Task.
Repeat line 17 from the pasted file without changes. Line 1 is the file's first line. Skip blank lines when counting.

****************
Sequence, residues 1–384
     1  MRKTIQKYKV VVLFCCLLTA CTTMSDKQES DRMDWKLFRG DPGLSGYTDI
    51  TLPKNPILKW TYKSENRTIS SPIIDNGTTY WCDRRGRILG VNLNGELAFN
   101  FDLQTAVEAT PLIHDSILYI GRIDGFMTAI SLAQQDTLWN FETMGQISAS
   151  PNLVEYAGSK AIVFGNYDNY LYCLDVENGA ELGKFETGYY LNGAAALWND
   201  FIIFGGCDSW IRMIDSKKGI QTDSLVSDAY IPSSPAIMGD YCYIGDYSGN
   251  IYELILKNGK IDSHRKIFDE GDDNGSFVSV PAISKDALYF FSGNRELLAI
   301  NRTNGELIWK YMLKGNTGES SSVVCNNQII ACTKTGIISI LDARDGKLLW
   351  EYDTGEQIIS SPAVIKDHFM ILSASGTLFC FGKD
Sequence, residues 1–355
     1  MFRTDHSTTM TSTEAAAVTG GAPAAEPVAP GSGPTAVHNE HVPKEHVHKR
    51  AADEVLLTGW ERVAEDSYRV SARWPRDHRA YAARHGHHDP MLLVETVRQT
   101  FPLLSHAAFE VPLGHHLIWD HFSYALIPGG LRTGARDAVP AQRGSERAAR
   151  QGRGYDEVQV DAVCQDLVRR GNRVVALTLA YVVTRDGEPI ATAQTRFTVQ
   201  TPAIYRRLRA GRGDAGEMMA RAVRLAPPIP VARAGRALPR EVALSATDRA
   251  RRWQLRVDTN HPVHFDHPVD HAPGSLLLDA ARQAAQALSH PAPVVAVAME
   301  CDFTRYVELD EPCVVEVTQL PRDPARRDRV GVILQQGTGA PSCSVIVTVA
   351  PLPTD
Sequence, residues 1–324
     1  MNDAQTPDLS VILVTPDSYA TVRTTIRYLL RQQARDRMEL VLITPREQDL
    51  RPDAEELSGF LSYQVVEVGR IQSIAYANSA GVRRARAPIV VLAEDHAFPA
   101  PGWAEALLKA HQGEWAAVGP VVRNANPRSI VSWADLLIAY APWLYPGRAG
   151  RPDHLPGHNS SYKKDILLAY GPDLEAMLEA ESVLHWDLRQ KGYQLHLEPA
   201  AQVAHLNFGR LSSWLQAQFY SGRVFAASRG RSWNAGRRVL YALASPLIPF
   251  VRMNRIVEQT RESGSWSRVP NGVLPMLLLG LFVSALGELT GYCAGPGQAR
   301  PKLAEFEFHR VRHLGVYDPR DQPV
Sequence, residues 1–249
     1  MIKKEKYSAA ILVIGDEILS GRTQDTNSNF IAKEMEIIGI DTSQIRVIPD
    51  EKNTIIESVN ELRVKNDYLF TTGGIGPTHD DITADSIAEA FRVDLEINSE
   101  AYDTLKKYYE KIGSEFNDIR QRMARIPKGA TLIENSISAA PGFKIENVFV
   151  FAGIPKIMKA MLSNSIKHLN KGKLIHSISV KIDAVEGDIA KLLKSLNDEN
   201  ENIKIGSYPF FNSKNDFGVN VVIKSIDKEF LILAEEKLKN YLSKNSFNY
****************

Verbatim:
   301  CDFTRYVELD EPCVVEVTQL PRDPARRDRV GVILQQGTGA PSCSVIVTVA